Picador, £16.99, 295pp. £15.29 from the Independent Bookshop: 08430 600 030

This is Paradise, By Will Eaves

This is a novel about ordinary lives that, at times, dips – or perhaps rises – into the extraordinary. It is about an averagely muddled middle-class family, the Alldens, who live in a ramshackle three-storey house in Bath: parents Emily and Don, and children Liz, Clive, Lotte and Benjamin. The book starts in the late Sixties, with Emily pregnant with Benjamin, and ends sometime in the recent past, with the children coping, more and less well, with the deterioration and death of the older generation.

Nothing of any note happens in the novel, that hasn't happened (or will) in your life or mine, and to spend any part of this review summarising either the plot, or the characters, would be beside the point.

There is nothing special about any of them. What makes the book worth reading is the ease with which Will Eaves soaks the page in their personalities, dipping almost at random in and out of their thoughts, and aiming those thoughts – as thoughts in families so often are – at those around them.

It's true that this way of proceeding, like slow-turning kaleidoscope, takes some getting used to. The paragraphs jump between characters, the chapters skip years, leaving the reader to play catch-up. Once-central characters can die without Eaves feeling the need to inform us, or reappear momentarily, as if glimpsed from the corner of the eye. The novel works as much by absences and oblique reference as by direct statement. That's how families work, after all.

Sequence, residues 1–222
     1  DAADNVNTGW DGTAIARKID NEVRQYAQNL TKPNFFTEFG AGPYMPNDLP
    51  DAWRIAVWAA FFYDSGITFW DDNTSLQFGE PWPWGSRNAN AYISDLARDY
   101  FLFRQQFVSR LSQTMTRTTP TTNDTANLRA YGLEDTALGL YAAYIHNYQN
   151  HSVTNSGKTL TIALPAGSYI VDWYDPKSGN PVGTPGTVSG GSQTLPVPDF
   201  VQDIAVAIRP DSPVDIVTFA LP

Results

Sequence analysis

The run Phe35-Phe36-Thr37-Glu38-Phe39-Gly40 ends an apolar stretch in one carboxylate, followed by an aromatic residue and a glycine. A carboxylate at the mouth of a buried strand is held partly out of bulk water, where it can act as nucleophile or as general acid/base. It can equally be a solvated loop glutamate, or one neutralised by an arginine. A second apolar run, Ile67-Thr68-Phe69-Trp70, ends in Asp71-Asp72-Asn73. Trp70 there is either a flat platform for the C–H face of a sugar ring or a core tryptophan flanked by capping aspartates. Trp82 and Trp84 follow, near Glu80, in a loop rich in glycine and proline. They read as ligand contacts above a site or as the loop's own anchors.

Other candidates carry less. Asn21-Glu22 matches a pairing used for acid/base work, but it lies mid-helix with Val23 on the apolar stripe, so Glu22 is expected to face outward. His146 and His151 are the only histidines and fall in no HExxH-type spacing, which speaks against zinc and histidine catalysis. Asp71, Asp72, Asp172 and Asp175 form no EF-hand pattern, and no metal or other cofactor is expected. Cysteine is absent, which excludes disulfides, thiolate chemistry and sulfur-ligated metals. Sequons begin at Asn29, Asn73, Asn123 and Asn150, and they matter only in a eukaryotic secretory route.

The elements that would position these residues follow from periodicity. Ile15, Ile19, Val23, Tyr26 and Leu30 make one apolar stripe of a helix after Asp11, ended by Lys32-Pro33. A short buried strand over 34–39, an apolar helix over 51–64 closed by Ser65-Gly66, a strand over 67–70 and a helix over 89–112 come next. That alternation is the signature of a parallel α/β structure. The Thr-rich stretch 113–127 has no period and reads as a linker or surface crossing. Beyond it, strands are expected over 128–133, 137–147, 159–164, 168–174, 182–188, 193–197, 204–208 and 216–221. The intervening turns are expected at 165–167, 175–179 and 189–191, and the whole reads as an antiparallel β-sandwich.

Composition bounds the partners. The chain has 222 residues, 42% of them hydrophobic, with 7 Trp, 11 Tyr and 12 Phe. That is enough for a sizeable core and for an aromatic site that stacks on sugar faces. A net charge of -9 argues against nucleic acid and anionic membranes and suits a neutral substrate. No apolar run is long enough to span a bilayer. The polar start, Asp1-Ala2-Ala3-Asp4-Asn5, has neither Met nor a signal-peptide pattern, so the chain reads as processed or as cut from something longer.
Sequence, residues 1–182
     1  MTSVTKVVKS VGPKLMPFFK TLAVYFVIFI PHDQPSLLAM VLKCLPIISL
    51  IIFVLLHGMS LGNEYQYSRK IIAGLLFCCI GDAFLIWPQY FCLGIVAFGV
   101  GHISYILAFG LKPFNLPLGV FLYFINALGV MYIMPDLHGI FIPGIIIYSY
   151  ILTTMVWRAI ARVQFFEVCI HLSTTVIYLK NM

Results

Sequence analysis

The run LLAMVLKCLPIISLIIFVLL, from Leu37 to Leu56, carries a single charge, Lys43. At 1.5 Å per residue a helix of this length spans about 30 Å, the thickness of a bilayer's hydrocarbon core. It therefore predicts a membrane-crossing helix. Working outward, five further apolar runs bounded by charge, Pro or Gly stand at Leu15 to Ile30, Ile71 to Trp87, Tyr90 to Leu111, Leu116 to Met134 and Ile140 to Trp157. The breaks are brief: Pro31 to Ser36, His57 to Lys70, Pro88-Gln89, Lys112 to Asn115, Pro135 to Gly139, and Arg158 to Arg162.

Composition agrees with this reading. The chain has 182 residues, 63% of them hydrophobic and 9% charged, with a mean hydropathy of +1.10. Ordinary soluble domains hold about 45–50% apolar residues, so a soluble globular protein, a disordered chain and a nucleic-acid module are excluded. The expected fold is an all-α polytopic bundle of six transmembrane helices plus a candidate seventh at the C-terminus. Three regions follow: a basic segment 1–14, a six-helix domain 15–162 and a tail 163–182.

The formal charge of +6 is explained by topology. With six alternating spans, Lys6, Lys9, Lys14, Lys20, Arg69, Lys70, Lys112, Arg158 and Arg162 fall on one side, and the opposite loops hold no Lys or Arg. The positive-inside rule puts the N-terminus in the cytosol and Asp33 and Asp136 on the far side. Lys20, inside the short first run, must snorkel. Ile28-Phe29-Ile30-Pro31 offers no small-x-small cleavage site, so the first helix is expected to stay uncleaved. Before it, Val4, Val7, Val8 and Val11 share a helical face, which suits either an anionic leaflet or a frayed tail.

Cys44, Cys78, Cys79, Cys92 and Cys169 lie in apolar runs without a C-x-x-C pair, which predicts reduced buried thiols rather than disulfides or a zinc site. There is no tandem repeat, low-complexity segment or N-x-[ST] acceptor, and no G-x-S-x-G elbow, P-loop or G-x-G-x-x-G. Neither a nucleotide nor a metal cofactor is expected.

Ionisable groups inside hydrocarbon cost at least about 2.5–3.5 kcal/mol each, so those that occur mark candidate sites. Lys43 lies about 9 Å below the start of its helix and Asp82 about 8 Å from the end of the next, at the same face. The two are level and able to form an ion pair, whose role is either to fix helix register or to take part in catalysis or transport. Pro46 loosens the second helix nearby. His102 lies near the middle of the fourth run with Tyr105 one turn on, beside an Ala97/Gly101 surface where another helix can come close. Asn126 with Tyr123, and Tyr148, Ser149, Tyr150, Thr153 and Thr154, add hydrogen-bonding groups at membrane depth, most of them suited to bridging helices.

All of which might not be quite enough to keep you turning the pages, if it weren't for the sheer joy of some of Eaves's writing, whether an individual metaphor – the sun, as squinted at by Ben, floating in a swimming pool on holiday, is "a jittery coin" – or a precise, economical description – "There was a soft thunk as Emily knocked over her juice, followed by a roll and a leisurely smash" – or an insight into the human mind: "The sound of the Hoover knocking against the banisters was Emily's way of informing Liz that she'd now been in her room too long, and that it was time to show her face... Soon the usefulness of the ruse would be spent, with no more surfaces to be vacuumed, and Emily would be forced to knock on the door or just barge in and say, 'Oh! Liz! I didn't think you were in. I thought I heard you go out."

Be charmed for long enough by this delicacy of operation, and you'll end up rewarded with all kinds of depths to the relationships, making connections that you didn't know you were capable of. Anyone put off the family drama of Jonathan Franzen's The Corrections or Freedom by the oppressive shadow of the author, so didactic and manipulative, might well find this an excellent replacement.

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